The Lizard Log

The Langkilde Lab in Action

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The Natural State

Happy Memorial Day!

I am happy to report that the “uninvaded” team has returned to PA, lizards in hand–or bag as it were. Our team, consisting of Braulio,  Caty, and myself, traveled to Tennessee and Arkansas. Arkansas prides itself on being “The Natural State” for its “natural scenic beauty, clear lakes and streams, and abundant wildlife.” I can’t speak to most of that, but it does have lizards!

Fence lizard with a regenerating tail.

Fence lizard with a regenerating tail.

Rainy and overcast days slowed us down a bit. As ectotherms, lizards rely on external sources of heat, which means they like to bask in sunny spots in order to warm up. The thick clouds didn’t provide many good basking opportunities, but thankfully a few lizards made an appearance in the brief moments of sun.

Sometimes fence lizards like rocky habitat.

Sometimes fence lizards like rocky habitat.

2blendinMany other lizards like to bask on trees.

We did see a few sunny days, which gave Braulio and Caty the opportunity to catch their first lizards.


Braulio with a Tennessee lizard.


One of Caty’s first catches!


Lizard selfies are the best selfies.

We even managed some “expert” catches, on more than one occasion slowly driving by a basking lizard and noosing it through the open car window.

Because we were looking for females, we of course became experts at catching males. One male lizard really hoped I was a tree. We tried to return him to his log, but on two separate occasions he ran up my leg. Sorry little guy!

Nope, not a tree.

Nope, not a tree.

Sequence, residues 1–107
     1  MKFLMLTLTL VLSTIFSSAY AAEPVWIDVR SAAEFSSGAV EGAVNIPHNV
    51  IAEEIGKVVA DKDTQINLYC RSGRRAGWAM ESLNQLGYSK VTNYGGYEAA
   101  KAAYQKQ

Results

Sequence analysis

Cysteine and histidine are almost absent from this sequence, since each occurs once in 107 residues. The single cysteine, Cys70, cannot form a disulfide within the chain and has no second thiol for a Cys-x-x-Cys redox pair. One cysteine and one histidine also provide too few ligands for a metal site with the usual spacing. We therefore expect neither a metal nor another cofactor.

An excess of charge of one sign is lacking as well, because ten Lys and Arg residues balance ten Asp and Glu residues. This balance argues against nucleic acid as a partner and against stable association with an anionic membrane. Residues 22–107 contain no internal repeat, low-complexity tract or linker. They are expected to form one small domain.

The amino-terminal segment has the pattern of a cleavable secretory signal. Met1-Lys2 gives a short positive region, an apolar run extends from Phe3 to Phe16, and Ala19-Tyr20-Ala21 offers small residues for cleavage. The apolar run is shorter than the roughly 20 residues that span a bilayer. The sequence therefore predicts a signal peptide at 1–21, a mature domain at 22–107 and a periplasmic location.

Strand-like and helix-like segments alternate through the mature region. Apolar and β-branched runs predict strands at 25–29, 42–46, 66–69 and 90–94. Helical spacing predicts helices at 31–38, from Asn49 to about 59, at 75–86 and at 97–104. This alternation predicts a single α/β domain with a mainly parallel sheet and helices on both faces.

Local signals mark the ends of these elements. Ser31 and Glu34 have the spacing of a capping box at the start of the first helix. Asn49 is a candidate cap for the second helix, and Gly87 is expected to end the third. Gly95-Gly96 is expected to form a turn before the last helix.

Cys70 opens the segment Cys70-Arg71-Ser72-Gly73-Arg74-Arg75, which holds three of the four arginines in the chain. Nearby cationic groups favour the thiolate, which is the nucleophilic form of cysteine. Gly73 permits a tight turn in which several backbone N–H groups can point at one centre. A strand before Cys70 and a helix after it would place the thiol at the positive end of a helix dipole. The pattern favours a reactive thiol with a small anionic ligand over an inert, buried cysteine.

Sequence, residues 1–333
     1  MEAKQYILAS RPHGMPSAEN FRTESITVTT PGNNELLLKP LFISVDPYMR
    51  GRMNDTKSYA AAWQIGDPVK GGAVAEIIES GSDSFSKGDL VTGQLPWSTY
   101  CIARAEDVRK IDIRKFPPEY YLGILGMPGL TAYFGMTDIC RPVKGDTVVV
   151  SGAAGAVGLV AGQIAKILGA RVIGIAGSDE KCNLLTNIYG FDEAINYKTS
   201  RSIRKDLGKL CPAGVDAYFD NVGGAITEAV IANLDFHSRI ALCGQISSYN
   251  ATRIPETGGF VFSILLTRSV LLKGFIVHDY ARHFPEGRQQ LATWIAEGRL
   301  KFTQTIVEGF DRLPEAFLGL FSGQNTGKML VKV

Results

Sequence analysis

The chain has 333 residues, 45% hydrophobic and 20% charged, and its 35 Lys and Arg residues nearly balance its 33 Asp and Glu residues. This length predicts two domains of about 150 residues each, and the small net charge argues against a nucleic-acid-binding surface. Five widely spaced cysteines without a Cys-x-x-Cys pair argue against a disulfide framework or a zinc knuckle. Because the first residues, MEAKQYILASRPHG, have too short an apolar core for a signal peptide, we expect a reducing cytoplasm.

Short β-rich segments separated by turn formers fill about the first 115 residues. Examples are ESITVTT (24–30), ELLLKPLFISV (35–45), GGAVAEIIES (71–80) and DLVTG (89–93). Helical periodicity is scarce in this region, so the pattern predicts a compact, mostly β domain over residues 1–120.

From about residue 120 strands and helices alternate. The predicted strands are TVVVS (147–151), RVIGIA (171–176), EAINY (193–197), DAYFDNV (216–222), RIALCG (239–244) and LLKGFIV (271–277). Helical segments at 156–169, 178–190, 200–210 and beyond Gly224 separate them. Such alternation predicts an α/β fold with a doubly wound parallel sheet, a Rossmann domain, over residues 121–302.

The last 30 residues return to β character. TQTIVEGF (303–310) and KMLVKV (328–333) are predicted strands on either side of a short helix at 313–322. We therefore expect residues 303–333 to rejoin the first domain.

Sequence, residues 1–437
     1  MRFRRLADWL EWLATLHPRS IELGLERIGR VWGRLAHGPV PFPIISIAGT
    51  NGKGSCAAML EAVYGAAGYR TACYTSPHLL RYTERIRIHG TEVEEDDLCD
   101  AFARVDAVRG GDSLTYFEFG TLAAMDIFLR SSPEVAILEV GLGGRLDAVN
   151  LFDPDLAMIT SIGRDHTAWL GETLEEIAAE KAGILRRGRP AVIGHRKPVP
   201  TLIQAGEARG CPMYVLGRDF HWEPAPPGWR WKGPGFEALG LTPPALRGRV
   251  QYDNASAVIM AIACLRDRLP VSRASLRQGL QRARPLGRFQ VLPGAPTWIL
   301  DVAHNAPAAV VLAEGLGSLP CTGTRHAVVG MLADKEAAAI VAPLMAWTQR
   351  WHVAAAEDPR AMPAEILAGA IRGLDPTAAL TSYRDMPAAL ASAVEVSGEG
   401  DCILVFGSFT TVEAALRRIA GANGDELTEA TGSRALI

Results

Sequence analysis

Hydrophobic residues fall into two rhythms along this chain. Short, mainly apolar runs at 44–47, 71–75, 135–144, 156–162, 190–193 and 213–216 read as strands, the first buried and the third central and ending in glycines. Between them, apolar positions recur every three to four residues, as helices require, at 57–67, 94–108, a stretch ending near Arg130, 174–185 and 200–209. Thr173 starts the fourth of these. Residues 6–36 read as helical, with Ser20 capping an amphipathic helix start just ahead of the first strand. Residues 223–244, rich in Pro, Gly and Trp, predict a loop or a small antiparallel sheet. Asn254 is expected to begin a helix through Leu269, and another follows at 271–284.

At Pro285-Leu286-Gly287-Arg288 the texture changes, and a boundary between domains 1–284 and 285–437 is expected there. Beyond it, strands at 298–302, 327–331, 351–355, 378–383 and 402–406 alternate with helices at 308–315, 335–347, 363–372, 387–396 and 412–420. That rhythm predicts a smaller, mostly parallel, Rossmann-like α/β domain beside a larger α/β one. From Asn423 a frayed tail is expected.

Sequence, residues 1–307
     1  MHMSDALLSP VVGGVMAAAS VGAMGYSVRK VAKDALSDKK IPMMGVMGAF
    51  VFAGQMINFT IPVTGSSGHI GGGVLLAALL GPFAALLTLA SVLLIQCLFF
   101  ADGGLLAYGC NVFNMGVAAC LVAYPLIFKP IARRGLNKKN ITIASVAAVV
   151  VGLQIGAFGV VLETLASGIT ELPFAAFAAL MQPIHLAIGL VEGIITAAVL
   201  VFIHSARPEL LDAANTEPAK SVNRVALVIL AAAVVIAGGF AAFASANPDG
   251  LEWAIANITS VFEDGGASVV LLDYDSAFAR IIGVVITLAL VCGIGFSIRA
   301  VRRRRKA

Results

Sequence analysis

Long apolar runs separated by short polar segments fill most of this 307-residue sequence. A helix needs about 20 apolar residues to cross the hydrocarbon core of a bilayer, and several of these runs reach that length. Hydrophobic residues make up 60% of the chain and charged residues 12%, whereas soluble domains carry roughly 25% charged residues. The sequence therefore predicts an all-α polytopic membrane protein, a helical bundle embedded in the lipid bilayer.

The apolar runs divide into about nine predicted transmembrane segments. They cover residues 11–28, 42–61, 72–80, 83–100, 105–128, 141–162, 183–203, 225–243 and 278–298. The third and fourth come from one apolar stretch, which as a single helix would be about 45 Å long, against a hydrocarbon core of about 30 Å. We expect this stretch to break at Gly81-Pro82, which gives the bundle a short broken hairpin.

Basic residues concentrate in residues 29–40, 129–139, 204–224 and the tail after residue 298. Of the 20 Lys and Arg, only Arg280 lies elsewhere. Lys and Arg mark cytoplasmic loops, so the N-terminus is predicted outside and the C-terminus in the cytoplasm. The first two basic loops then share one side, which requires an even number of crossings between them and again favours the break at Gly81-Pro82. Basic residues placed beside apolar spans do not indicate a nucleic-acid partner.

Another male, pictured below, really surprised me. Lizards vary in coloration, but not usually by much. I’ve never seen a fence lizard so dark!


A very dark fence lizard. His chest badges were impressive as well!

After two weeks of catching, we headed back to the lab. Our females are now happily housed in their nesting boxes, and one has laid her first clutch of the season. We’re all excited to see the resulting hatchlings!

Check back soon for more stories and photos from the field as well as updates on the specific research projects happening this summer.

We even spotted a fence lizard on a fence. So satisfying. A fence lizard on a fence. So satisfying.

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Word Clouds and Receptions

The end is near! I am happy to report that both Chris and I have submitted our final dissertations to the graduate school. What a relief!  Now that my dissertation is off to the printers, I decided to do some stats…

Unsurprisingly, the most used word in my dissertation (excluding common words), is “stress,” clocking in at a word count of 392 (out of 35K total words). Close behind were CORT (296), lizards (225), immune (201), and ants (144). Sounds about right! (The most used word was “of,” with a word count of 681. Fascinating!)

I couldn’t help but display this graphically, because who doesn’t love a word cloud?


A word cloud featuring the most commonly used words in my dissertation. Note that “killing” applies to bacteria only! (Make your own at